Flames, Lightning need to control emotions

Originally Published: June 7, 2004
By Bill Clement | Special to ESPN.com

ESPN hockey analyst Bill Clement looks at the keys for each team in Game 7 of the Stanley Cup finals:

The challenge for both the Calgary Flames and Tampa Bay Lightning in Game 7 will be managing their emotions. This will be a game won or lost by mistakes, and the team that is more emotionally controlled will make fewer and likely win the game.

Goaltending will obviously also be huge, of course. Both Calgary's Miikka Kiprusoff and Tampa Bay's Nikolai Khabibulin have each been outstanding at times in this series, and how they control their nerves will also have a lot to do with which team lifts the Stanley Cup.

What does each team need to do specifically?

Calgary Flames

Maybe the biggest key for the Flames will be the health of defenseman Robyn Regehr, who was in a walking cast after playing more than 26 minutes in Game 6. Flames coach Darryl Sutter said Monday that Regehr "probably won't play." If Regehr can't go, there will be even more pressure on his fellow defensemen, as well as on Calgary's offense since the Flames will not be nearly as good defensively without Regehr's physical presence in the lineup.

Not much more can be asked of defensemen Andrew Ference and Rhett Warrener -- each have played at least 26 minutes in the last two games -- but Sutter will have to go to the well one more time to rally his troops if Regehr is unavailable. Ference will likely see a lot of time against Tampa Bay's Vincent Lecavalier and Martin St. Louis should Regehr sit out, and someone like young defenseman Jordan Leopold will have to come thorough with the game of his life.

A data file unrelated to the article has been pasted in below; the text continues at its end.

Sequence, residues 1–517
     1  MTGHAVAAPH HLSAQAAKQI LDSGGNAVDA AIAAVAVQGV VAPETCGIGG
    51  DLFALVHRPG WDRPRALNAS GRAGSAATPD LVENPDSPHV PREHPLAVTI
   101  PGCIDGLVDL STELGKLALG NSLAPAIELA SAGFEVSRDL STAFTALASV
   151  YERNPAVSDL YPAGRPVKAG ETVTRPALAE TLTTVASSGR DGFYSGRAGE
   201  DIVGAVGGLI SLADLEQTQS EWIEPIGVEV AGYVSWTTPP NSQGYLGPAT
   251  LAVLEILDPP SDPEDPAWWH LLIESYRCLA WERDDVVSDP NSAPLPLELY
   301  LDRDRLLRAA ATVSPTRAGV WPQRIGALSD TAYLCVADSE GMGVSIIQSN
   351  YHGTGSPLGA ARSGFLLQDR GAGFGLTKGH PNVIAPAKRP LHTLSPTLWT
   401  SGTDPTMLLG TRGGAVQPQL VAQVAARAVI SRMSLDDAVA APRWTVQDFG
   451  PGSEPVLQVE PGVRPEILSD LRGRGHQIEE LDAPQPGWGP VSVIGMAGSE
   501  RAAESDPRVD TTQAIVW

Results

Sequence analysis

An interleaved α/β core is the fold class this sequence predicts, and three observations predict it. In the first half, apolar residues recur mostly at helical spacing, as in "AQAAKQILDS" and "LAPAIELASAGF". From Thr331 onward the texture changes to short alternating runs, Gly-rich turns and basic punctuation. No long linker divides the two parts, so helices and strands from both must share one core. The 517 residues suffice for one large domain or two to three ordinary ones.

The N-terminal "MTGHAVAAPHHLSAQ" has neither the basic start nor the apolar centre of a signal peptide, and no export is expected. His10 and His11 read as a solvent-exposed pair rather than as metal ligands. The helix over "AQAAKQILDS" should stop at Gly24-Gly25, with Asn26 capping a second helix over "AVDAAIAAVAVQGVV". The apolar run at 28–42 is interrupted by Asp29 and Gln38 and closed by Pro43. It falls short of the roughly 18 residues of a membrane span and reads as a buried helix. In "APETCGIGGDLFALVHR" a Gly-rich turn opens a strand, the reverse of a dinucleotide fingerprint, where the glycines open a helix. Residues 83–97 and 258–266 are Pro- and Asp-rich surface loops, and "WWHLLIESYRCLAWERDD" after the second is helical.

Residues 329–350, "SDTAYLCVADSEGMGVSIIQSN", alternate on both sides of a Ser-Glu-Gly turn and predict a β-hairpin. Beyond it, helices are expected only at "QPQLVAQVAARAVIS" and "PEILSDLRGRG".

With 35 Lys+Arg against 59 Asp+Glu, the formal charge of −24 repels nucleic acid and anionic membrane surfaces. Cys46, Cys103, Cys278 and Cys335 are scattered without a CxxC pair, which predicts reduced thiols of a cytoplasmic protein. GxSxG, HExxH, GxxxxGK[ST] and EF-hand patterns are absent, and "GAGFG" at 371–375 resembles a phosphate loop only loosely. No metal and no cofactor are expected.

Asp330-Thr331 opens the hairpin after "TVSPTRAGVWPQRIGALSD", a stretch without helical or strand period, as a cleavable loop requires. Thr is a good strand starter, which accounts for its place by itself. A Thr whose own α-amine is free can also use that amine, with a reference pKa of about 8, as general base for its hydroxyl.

But the single player who could have the most impact on the game is Flames captain Jarome Iginla. He was on the ice for St. Louis' game-winning goal in the second overtime of Game 6 and openly admitted he was not good through the entire game, but expect him to be a man possessed in Game 7. Iginla has not had two bad games in a row this postseason, so the Lightning will have to shut him down again if they hope to win the Stanley Cup.

Tampa Bay Lightning

Ruslan Fedotenko, Vincent Lecavalier and Corey Stillman -- three of Tampa Bay's top six forwards -- were not as good as they could have been in the Game 6 victory and that has to change. With the finality of Game 7, though, expect them to leave nothing in the tank and play a better game.

The Lightning also need to continue the power play success they had in Game 6. Calgary had seemingly taken away Tampa Bay's special teams edge until Brad Richards got two man-advantage goals Saturday, and the Flames will need to stay out of the penalty box in Game 7.

Richards got a fortunate bounce of Kiprusoff's blocker on his first goal and made a great play to strip the puck and beat Kiprusoff cleanly on the second, just the kinds of things big-time players do this time of year. Richards -- who leads all playoff scorers with 25 points -- has certainly managed his nerves and passed every test with flying colors on his way to becoming a big-game player this postseason.

Tampa Bay will also have to contain Iginla, of course. The Lightning's defensive pairing of Darryl Sydor and Pavel Kubina has been fantastic against Iginla during this series, but the two got plenty of help in rendering him ineffective in Game 6. The Lightning backcheckers were hot on Iginla's heels in that game, pressuring him from behind and making it much easier for Sydor and Kubina to stand up and look Iginla in the eyes. If they can keep that gap small again in Game 7 it will be much easier for Tampa Bay to keep pace with Calgary.

Bill Clement played 11 seasons in the NHL and won two Stanley Cups as a member of the Philadelphia Flyers.

Former National Hockey League All-Star Bill Clement, who played 11 years in the NHL with Philadelphia, Washington and Calgary, is a game analyst for ESPN. He also works select games on ESPN2 and is the lead analyst for ABC Sports' NHL telecasts.